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yols. 8vo, was lately published by the It is an Armoric, and an old Cornish
Sept. 11. As the reason assigned by the Edi As your Miscellany furnishes a tor has not been seen, it should ap
convenient chaunel,, through pear, by your Reviewer, I beg leave which doubts may be proposed for to subjóin it. In his Preface it is said: solution, and controverted points for
“ The Editor originally proposed to ac. discussion, I take the liberty of calling company this edition with a New Life of the attention of your Readers to the the Author; but, finding the materials for consideration of a subject, which has such a Work accumulate very much in his of late, in no small degree, interested hands, he has judged it best to limit this the feelings of the publick. I allude publication to the Bishop's own writings; to the treatment of Brute Animals, and has, therefore, prefixed only such which has been revived by the interMemoirs as the Author has left of him
position of Lord Erskine's eloquence, self : reserving whatever else he has been
and which has since been reinforced, able to collect together, for a separate vo
by a pathetic and farewell appeal lume, to be published hereafter, and to be independent of the present undertaking.”
from an experienced Bard. In the
Poem of “l'he Lower World,” Mr, That your Reviewer speaks on con
Pratt has advocated the cause of the jecture, or on misinforination, when
Brute Creation, and employed the he intimates that the Subscribers are dissatisfied with this arrangement, I
last efforts of his pen in benevolent
effusions. have no doubt. After remarking, Whilst I cordially join in my ab. however, that each Subscriber paid
horrence of vexatious and unnatural 78. 6d. per Volume, for a work, tortare of animals ;-whilst I would which, at the usual rates of the trade, not (to use the language of the ele. would have been charged 10s. 6d. or
gant Blair) “ treat the smallest insect 128. I will engage, that, if any one Subscriber shall think himself fairly long entertained doubts concerning
with wanton cruelty ;" yet I have entitled to the Volume containing the the unlawfulness of field amusements, Bishop's Life, gratis, on sending his till my mind was fixed by a niere ac: name to my house, he shall so receive cidental occurrence. it when published.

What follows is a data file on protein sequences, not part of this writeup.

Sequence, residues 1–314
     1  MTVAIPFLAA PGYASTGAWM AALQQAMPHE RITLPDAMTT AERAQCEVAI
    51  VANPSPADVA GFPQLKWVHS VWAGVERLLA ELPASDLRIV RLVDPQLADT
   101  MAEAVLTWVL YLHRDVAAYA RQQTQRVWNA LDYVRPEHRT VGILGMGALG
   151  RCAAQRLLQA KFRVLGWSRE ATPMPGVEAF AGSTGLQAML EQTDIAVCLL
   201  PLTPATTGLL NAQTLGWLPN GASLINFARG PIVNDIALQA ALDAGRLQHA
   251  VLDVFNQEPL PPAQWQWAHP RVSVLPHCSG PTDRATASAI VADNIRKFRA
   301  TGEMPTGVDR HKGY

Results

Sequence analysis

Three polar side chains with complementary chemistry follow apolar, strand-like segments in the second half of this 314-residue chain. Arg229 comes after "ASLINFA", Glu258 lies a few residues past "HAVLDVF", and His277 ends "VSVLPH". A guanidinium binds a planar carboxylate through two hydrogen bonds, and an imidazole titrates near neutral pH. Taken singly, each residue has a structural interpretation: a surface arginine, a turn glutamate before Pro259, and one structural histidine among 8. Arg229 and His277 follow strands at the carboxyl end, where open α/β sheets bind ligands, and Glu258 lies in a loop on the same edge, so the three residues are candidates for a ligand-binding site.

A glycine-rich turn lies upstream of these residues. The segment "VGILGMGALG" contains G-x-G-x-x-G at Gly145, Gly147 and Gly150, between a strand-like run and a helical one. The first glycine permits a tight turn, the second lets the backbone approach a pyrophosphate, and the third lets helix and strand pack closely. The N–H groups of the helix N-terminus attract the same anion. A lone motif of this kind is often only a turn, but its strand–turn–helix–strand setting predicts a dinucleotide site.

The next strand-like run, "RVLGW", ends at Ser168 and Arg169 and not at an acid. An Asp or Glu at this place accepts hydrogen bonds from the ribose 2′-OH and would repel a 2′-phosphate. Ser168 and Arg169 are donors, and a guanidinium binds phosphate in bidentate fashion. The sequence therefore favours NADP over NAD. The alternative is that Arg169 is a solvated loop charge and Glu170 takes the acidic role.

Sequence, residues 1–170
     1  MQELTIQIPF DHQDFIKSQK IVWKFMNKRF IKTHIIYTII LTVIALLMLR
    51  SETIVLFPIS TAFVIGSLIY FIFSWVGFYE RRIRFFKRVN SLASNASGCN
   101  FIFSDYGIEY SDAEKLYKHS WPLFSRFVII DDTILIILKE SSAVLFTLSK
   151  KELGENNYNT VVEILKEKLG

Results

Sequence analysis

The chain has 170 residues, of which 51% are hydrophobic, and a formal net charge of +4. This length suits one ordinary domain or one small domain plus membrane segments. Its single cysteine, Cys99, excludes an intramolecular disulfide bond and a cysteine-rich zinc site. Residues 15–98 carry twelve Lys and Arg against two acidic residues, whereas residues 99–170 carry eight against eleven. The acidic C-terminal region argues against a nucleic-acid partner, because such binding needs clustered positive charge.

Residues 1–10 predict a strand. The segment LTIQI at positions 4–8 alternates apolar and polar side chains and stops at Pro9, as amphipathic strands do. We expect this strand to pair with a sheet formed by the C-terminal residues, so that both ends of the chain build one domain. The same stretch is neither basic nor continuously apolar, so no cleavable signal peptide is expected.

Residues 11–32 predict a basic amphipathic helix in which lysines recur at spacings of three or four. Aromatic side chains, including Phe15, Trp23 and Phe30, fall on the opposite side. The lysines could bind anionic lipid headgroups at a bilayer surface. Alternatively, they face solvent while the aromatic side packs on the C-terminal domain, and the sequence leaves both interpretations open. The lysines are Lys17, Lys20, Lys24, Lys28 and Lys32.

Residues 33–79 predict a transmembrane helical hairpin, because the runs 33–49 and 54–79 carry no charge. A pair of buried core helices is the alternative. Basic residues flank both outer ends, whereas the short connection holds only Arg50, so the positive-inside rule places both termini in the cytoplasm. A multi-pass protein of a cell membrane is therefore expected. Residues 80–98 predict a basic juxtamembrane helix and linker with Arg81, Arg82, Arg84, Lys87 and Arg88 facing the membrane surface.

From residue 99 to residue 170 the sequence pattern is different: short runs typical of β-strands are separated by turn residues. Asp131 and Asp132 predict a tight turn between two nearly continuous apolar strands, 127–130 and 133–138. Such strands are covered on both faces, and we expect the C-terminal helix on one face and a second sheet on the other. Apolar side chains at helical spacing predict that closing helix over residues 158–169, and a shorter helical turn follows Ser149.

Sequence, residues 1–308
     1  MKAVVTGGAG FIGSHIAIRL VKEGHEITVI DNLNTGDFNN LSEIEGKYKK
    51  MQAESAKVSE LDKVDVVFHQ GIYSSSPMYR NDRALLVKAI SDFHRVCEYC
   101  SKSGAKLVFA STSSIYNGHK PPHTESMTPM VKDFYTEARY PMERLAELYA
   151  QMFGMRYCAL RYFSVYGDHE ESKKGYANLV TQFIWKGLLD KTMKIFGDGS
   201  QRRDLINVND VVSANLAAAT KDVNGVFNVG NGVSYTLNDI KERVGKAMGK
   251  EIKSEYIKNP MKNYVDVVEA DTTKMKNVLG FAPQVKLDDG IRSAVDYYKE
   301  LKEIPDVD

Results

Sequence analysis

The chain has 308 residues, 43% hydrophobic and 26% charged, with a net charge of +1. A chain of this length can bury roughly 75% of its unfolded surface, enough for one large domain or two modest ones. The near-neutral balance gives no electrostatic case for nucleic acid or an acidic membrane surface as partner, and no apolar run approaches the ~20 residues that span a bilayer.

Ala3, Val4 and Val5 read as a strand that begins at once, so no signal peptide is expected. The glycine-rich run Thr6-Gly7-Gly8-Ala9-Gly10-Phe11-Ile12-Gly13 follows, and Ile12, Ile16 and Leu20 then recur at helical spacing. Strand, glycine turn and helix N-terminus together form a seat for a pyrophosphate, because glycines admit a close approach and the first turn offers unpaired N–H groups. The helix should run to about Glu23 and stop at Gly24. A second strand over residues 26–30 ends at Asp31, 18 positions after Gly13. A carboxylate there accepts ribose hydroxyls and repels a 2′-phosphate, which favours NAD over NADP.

In the British Critic for April, a I take this opportunity, however, volume of Poems intituled “ Bidof stating, that I cannot fix any time combe Hill,” was reviewed. - In the for the publication of the Life in Table of Contents given by the Requestion, 'as, from the nature of the viewer, was included Fox-bunting materials, and their bearings on the described and vindicated.” As the history of Religion among us, and on
Critic remarked of the book, that many points controverted warmly at
“the sentiments were pure, with a the present day, much research and strong tincture of the truest piety and deliberation are required.
most ard:nt benevolence pervading
the whole,” I was curious to see how
the vindication of the pleasures of the Mr. URBAN,
Chace could comport with such a dis-
As the rea
soning in the poem, and in the annoof ourimmortal Bard of Avon, I am informed by an ingenious and inquisitive mind,'I beg leave to submit them to
tation, carried conviction to my friend, that the right reading of the the consideration of your intelligent subsequent passage from King John Readers. The Poet concludes his dehas escaped the notice of our most scription of Fox-hunting with the acute Commentators :
following argumentative versification, “Good Den Sir Richard.”
“ What tho' the rigid Moralist may Den should be written Dén, and
[field; pronounced Deun.
And scorų the healthsome pleasures of the
is a most uncommon instance.---It is of Chobham and Bisley. The former well known that an Oak, either Pol. is a large and populous parish ; the lard or Spire, or Underwood, being latter a very small one, with a solibarked in the Spring, and left stand- tary Church, a mile from Chobham. ing, bears leaves apparently as vigor. Before Mr. Cecil came, the duty of
as any un-barked tree. Dak these Churches was done, as it is felled in the Winter is deemed much called, by the same Clergyman, in the best for repairs; and the bark,' nearly empty walls. Mr. Cecil soon being taken off in the preceding attracted full congregatious. Your Spring, is thus preserved'; a material present Correspondent never saw Mr. thiog at its late and present very high Cecil himself but one Sunday mornprice.
ing: attracted as a traveller by the P.130. Mr. Salisbury gives, I believe, cheerful sound of the village bells, a truestate ofthe fact as to the Planes, (so beautifully mentioned by Cowper) and a very probable conjecture as to he went to the Church, and seldom, the cause. I apprehend that in their has he been more pleased, more edinative climes, when the buds bėgin to fied. Tke pews filled by decent, reopen, it is not till all frost is over ; it spectable persons, coming in before is not so with us.